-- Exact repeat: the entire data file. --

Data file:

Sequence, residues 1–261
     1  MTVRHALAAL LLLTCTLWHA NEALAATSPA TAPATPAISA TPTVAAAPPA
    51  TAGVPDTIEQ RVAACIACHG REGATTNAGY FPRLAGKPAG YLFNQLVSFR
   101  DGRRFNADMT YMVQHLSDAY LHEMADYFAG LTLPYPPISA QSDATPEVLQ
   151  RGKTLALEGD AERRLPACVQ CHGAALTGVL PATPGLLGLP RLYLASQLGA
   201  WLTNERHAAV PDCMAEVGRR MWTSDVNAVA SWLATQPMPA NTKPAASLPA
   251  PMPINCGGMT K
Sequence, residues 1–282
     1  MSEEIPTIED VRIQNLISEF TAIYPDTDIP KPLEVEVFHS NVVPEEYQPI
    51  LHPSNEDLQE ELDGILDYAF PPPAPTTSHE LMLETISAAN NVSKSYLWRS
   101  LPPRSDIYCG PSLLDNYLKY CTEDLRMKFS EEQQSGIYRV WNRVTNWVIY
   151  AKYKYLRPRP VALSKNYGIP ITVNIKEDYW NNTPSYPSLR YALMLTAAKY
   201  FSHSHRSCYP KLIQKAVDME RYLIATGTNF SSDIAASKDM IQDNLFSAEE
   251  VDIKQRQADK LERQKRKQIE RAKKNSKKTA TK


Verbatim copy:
Sequence, residues 1–261
     1  MTVRHALAAL LLLTCTLWHA NEALAATSPA TAPATPAISA TPTVAAAPPA
    51  TAGVPDTIEQ RVAACIACHG REGATTNAGY FPRLAGKPAG YLFNQLVSFR
   101  DGRRFNADMT YMVQHLSDAY LHEMADYFAG LTLPYPPISA QSDATPEVLQ
   151  RGKTLALEGD AERRLPACVQ CHGAALTGVL PATPGLLGLP RLYLASQLGA
   201  WLTNERHAAV PDCMAEVGRR MWTSDVNAVA SWLATQPMPA NTKPAASLPA
   251  PMPINCGGMT K
Sequence, residues 1–282
     1  MSEEIPTIED VRIQNLISEF TAIYPDTDIP KPLEVEVFHS NVVPEEYQPI
    51  LHPSNEDLQE ELDGILDYAF PPPAPTTSHE LMLETISAAN NVSKSYLWRS
   101  LPPRSDIYCG PSLLDNYLKY CTEDLRMKFS EEQQSGIYRV WNRVTNWVIY
   151  AKYKYLRPRP VALSKNYGIP ITVNIKEDYW NNTPSYPSLR YALMLTAAKY
   201  FSHSHRSCYP KLIQKAVDME RYLIATGTNF SSDIAASKDM IQDNLFSAEE
   251  VDIKQRQADK LERQKRKQIE RAKKNSKKTA TK